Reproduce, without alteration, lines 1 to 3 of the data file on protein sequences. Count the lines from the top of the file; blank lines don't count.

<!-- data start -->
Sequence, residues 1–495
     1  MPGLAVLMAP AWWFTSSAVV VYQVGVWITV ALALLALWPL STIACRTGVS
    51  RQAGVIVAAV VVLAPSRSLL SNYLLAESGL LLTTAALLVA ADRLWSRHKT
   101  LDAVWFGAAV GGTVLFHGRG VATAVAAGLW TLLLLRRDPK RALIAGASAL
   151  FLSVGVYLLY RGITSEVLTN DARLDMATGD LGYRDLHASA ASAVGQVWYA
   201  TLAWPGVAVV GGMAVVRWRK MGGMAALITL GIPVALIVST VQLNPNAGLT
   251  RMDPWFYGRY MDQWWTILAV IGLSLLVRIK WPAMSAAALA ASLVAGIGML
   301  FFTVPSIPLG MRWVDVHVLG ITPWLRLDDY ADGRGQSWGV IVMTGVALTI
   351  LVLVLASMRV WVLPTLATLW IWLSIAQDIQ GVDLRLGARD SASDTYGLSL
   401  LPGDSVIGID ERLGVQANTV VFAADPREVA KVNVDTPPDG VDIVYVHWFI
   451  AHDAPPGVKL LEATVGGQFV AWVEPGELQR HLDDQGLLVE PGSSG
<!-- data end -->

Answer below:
Sequence, residues 1–495
     1  MPGLAVLMAP AWWFTSSAVV VYQVGVWITV ALALLALWPL STIACRTGVS
    51  RQAGVIVAAV VVLAPSRSLL SNYLLAESGL LLTTAALLVA ADRLWSRHKT